steadily on the speaker. The immobility of that vast bulk was peculiar.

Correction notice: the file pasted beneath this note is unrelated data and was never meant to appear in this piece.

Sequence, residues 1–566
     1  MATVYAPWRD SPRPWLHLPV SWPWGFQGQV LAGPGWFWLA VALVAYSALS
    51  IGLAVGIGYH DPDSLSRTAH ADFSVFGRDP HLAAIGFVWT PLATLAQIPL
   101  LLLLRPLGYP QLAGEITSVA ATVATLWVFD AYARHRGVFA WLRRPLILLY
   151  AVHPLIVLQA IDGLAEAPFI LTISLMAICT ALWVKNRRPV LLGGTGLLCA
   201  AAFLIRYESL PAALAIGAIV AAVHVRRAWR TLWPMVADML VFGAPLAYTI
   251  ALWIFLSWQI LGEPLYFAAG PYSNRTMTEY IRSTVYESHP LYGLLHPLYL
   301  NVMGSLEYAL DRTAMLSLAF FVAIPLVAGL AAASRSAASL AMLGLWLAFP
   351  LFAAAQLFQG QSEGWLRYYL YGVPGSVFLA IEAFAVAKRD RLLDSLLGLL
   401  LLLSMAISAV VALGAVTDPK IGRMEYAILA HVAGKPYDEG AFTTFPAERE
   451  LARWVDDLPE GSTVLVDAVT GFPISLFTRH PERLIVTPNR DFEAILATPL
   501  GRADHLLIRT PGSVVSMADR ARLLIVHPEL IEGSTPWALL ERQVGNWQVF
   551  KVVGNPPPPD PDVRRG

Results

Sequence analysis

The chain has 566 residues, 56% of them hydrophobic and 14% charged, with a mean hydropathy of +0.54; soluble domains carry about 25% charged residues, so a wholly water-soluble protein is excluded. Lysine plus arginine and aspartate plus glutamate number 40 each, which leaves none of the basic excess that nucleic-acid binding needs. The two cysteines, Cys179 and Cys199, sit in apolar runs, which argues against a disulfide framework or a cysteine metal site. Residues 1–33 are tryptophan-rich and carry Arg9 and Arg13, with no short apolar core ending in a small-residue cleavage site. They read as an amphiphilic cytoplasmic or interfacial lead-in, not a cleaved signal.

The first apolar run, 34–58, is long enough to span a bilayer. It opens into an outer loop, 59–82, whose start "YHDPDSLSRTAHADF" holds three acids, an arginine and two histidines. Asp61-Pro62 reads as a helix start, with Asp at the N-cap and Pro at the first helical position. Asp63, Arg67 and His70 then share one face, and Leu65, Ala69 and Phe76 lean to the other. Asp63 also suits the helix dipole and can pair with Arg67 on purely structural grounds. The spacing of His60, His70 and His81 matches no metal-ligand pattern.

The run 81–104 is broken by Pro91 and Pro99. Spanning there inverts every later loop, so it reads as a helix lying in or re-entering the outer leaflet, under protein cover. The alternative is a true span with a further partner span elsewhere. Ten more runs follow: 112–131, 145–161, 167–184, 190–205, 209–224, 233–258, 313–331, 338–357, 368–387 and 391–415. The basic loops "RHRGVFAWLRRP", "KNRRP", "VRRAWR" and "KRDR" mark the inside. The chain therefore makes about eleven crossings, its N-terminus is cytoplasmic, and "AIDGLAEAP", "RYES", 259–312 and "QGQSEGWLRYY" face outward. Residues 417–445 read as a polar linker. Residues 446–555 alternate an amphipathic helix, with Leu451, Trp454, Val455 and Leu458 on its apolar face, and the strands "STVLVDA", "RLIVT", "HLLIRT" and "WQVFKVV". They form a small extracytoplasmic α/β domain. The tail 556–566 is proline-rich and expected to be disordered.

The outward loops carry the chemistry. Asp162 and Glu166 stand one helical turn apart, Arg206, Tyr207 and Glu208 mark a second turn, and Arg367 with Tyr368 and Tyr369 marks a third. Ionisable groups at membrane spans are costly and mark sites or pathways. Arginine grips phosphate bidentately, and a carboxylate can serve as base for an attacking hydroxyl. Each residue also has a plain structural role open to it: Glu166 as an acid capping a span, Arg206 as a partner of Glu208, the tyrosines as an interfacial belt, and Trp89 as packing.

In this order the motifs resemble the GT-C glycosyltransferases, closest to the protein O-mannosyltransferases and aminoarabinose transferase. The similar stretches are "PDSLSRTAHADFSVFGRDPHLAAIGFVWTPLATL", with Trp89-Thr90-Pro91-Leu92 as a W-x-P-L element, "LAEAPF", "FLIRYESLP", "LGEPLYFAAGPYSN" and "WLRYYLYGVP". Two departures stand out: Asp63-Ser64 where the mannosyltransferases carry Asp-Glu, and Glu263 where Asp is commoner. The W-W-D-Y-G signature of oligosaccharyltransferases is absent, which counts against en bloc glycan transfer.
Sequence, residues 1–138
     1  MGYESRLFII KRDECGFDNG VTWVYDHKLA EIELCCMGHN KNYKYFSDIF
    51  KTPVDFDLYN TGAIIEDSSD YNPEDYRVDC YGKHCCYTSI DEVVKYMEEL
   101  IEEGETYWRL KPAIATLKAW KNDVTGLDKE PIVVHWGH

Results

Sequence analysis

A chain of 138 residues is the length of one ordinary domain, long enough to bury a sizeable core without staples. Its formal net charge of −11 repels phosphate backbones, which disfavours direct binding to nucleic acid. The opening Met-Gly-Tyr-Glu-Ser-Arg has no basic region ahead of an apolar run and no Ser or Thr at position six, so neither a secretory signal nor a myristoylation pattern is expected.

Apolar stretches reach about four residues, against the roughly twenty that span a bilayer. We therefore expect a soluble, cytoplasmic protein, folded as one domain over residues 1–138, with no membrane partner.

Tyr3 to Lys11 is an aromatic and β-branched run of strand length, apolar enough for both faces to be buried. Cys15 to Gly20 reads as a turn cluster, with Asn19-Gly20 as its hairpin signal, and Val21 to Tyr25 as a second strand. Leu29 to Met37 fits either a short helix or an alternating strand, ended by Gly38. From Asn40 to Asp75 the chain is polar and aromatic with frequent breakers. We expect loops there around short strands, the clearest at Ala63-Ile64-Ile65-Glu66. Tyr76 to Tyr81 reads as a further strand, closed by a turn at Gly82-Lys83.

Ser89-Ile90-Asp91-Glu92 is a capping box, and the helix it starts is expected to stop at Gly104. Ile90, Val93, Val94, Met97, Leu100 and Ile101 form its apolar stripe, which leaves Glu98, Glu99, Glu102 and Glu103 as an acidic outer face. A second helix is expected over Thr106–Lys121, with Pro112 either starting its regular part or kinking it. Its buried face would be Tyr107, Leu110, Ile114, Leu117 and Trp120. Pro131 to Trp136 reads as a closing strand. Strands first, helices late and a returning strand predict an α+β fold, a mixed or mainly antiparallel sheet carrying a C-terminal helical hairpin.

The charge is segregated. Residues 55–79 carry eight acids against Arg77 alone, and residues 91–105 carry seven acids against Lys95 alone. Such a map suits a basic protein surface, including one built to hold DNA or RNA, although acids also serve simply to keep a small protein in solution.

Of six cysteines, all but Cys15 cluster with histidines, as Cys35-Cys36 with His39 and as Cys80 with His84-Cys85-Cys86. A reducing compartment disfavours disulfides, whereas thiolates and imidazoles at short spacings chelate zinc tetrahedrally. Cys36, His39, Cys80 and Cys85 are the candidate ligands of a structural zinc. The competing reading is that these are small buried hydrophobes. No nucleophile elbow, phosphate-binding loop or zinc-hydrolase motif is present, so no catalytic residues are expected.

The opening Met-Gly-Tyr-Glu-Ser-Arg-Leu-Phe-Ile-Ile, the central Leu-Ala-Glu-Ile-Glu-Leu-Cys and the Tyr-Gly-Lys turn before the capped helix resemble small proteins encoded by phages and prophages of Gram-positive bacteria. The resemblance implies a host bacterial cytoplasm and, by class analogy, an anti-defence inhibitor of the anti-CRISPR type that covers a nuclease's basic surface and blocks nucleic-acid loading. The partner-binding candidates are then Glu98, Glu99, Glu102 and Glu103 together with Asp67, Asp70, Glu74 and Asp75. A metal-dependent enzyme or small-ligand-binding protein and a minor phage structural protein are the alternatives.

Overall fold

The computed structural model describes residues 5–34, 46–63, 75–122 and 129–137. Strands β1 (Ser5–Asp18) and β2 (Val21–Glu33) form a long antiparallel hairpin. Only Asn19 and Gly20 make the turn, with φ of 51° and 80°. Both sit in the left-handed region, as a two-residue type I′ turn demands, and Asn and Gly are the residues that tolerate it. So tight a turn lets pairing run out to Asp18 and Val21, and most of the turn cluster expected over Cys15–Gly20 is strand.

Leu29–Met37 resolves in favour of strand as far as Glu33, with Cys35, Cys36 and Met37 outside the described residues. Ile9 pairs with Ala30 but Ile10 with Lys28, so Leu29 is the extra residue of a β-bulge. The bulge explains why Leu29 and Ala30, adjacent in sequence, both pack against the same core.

“His name is not so ridiculous as later associations have made it seem,” proceeded the doctor, “for he belonged to the celebrated family of Bombast, and they were called Hohenheim after their ancient residence, which was a castle near Stuttgart in Würtemberg. The most interesting part of his life is that which the absence of documents makes it impossible accurately to describe. He travelled in Germany, Italy, France, the Netherlands, in Denmark, Sweden, and Russia. He went even to India. He was taken prisoner by the Tartars and brought to the Great Khan, whose son he afterwards accompanied to Constantinople. The mind must be dull, indeed, that is not thrilled by the thought of this wandering genius traversing the lands of the earth at the most eventful date of the world’s history. It was at Constantinople that, according to a certain aureum vellus printed at Rorschach in the sixteenth century, he received the philosopher’s stone from Solomon Trismosinus. This person possessed also the Universal Panacea, and it is asserted that he was seen still alive by a French traveller at the end of the seventeenth century. Paracelsus then passed through the countries that border the Danube, and so reached Italy, where he served as a surgeon in the imperial army. I see no reason why he should not have been present at the battle of Pavia. He collected information from physicians, surgeons, and alchemists; from executioners, barbers, shepherds, Jews, gipsies, midwives, and fortune-